SHANGHAI: Iron ore futures extended gains into a second straight session on Tuesday to their highest levels in nearly a week, amid growing interest for stockpiling in top consumer China in part spurred by the latest batch of upbeat data.

The most-traded May iron ore contract on China’s Dalian Commodity Exchange (DCE) ended daytime trade 5.35% higher at 827 yuan ($114.87) a metric ton, the highest since March 13. The benchmark April iron ore on the Singapore Exchange rose 2.91% to $106.9 a ton, as of 0743 GMT, also the highest since March 13.

“The rise in fixed asset investment should help support steel demand,” analysts at ANZ said in a note. Fixed asset investment expanded 4.2% in the January-February period from the same period a year earlier, official data showed on Monday, versus expectations for a 3.2% rise.

Also, signs of stabilizing futures prices the day before encouraged some mills to re-enter the market to procure portside cargoes, with the increasing liquidity in the spot market, in turn, boosting sentiment, analysts said.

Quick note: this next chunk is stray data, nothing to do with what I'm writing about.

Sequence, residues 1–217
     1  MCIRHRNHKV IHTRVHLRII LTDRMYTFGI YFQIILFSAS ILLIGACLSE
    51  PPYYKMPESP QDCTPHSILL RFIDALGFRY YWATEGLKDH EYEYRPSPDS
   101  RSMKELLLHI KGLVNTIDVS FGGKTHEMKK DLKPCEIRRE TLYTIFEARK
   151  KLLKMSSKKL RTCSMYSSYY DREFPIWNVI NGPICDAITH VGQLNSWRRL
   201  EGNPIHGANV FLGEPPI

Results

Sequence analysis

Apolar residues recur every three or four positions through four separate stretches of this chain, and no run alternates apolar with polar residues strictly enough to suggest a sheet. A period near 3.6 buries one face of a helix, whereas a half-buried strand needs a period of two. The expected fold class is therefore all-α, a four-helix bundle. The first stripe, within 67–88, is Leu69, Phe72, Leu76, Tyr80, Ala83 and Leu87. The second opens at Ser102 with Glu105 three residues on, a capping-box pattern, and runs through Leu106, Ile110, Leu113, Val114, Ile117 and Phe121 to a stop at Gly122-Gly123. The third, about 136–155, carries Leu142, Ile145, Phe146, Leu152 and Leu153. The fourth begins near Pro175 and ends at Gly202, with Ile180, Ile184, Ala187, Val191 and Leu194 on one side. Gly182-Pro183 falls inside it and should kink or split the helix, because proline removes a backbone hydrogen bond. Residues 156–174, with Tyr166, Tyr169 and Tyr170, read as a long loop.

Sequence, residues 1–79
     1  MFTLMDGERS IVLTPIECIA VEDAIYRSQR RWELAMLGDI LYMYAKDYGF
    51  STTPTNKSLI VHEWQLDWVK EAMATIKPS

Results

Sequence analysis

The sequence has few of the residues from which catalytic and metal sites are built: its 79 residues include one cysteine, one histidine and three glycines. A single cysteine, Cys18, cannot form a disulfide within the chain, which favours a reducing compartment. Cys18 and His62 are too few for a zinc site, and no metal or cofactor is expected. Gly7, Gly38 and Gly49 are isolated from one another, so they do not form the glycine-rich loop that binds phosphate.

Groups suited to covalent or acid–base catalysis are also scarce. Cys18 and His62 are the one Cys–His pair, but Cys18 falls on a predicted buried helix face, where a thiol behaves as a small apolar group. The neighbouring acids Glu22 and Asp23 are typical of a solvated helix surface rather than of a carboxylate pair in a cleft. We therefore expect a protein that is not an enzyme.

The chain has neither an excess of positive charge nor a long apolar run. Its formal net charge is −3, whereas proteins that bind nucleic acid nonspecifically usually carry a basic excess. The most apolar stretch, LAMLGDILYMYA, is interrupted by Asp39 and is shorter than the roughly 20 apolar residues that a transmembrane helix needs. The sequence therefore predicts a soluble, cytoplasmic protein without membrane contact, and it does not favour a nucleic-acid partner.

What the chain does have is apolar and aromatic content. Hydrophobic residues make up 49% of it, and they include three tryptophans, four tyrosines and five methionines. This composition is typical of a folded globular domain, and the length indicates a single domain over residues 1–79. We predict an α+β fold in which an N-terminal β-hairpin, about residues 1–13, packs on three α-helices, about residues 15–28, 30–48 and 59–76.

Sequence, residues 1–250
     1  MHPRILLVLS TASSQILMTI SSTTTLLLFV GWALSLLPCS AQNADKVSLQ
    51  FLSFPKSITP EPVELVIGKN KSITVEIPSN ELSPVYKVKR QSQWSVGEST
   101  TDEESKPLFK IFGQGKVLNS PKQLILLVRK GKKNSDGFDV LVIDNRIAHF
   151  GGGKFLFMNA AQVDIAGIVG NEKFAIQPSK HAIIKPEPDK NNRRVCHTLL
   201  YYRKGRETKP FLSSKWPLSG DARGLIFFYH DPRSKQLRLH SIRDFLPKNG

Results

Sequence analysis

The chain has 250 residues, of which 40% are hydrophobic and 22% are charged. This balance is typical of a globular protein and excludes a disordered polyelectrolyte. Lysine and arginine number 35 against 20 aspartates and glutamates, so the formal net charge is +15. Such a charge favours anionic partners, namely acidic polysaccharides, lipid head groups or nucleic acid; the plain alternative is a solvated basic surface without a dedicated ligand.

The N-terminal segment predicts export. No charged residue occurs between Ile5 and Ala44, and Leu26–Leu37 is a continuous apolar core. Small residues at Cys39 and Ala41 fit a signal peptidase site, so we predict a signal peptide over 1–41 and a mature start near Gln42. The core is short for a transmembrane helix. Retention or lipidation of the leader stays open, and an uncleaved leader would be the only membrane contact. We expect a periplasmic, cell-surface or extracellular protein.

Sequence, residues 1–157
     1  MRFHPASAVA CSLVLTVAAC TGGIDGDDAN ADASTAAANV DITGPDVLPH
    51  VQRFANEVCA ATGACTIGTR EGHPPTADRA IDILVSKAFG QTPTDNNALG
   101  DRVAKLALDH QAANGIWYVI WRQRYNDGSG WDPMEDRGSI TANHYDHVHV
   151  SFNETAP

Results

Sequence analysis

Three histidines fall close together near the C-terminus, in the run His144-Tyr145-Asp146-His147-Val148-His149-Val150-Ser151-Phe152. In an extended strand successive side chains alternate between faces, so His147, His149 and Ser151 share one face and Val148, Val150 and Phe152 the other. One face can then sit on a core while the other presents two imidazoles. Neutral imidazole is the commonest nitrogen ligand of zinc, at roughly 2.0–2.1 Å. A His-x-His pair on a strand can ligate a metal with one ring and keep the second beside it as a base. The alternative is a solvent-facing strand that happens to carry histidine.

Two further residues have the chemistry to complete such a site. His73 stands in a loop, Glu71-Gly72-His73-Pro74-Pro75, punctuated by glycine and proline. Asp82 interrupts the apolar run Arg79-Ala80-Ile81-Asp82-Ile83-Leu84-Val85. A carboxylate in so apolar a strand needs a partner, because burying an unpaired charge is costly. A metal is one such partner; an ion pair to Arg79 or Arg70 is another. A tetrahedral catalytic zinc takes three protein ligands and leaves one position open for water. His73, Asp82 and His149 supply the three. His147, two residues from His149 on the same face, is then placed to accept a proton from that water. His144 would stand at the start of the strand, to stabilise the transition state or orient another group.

Transaction volumes of iron ore at major Chinese ports climbed by 66% from the previous session to 1.06 million tons, data from consultancy Mysteel showed. “We expect hot metal output to touch the bottom this week,” analysts at Galaxy Futures said in a note.

“Steel demand from the infrastructure sector will likely see an obvious increase in either late March or early April, so we do not think we should be so bearish about the construction steel market,” they added.

Other steelmaking ingredients on the DCE also registered gains, with coking coal and coke up 3.59% and 2.49%, respectively. Steel benchmarks on the Shanghai Futures Exchange were higher. Rebar gained 2.85%, hot-rolled coil climbed 2.99%, wire rod rose 2.14% while stainless steel was little changed.


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